Business

Triumph funds ready for region

October 26, 2017

By Duwayne Escobedo
INWEEKLY

BP oil money meant to transform the Northwest Florida Gulf Coast economy should finally start flowing at the beginning of 2018.

The first $300 million of $1.5 billion in economic damages for the April 2010 Deepwater Horizon Oil Spill that coated hundreds of miles of the state’s coastline got deposited at about 11 a.m. Wednesday, June 21, said Stan Connally Jr.

The president and CEO of Gulf Power Company and one of the seven members of the Triumph Gulf Coast board expects qualified projects in the eight Northwest Florida counties, which include Escambia, Santa Rosa, Okaloosa, Walton, Bay, Franklin, Gulf County and Wakulla, to begin receiving money in the first part of 2018.

“We hoped to deploy some dollars before the end of the year,” Connally told a packed crowd in the Institute of Human and Machine Cognition conference room. “It’ll be next quarter before we see any real outflow.”

Connally said the board was unable to have any official meetings until after the state government approved releasing the BP money. Since then, he said the Triumph board has worked on developing a process to approve projects submitted for funding, set up criteria for scoring the projects and ironing out other guidelines.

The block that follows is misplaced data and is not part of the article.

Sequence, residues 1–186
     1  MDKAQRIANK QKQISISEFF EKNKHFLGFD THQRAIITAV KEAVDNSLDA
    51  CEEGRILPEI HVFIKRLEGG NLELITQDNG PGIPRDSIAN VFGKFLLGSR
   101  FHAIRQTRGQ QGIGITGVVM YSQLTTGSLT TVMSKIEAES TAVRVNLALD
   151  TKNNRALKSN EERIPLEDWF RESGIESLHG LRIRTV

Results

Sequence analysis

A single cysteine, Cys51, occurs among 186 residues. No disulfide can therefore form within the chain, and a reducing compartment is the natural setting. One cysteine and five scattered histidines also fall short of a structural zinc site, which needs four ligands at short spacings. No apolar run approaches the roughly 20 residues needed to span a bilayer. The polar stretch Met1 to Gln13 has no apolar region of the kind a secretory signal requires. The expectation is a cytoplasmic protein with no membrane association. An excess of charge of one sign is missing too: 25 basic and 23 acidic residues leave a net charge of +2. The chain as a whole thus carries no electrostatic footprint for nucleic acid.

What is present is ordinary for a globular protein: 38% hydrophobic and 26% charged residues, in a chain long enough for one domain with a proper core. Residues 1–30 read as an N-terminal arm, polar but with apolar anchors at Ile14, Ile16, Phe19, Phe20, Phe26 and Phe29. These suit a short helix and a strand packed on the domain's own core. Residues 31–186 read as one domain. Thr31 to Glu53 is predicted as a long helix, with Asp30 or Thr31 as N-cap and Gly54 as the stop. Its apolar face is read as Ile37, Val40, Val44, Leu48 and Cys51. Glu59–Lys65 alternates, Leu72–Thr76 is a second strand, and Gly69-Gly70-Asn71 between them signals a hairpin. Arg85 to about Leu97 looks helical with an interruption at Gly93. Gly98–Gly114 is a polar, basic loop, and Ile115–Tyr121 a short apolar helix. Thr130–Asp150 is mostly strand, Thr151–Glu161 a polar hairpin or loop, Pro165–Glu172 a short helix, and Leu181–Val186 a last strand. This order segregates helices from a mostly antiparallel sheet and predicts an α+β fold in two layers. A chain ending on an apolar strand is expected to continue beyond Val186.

The pre-application process is 1-3 pages and, if selected, must fill out an application that is 10-30 pages.

It’s important that the approved projects have big impacts because lawmakers from other parts of the state may want to use the 15 future $80 million payments that begin in 2019 and end in 2033.

“It may seem a little onerous,” Connally said. “Just because we got the first $300 million doesn’t mean we’ll get the next 80 or the next 80. We have to make sure we do the right things with this. Lawmakers are going to ask, ‘We gave you all of this money last year, what did you do with it?’”

Connally also said former Senate president Don Gaetz, who helped pass the Triumph bill in May 2013, hopes to leverage the $1.5 billion into $4.5 or $5 billion. That would mean partnering with federal sources or the private sector or securing grants to pay for the projects.

“We got a great platform to grow on,” Connally said. “We can be even better than we are today.”

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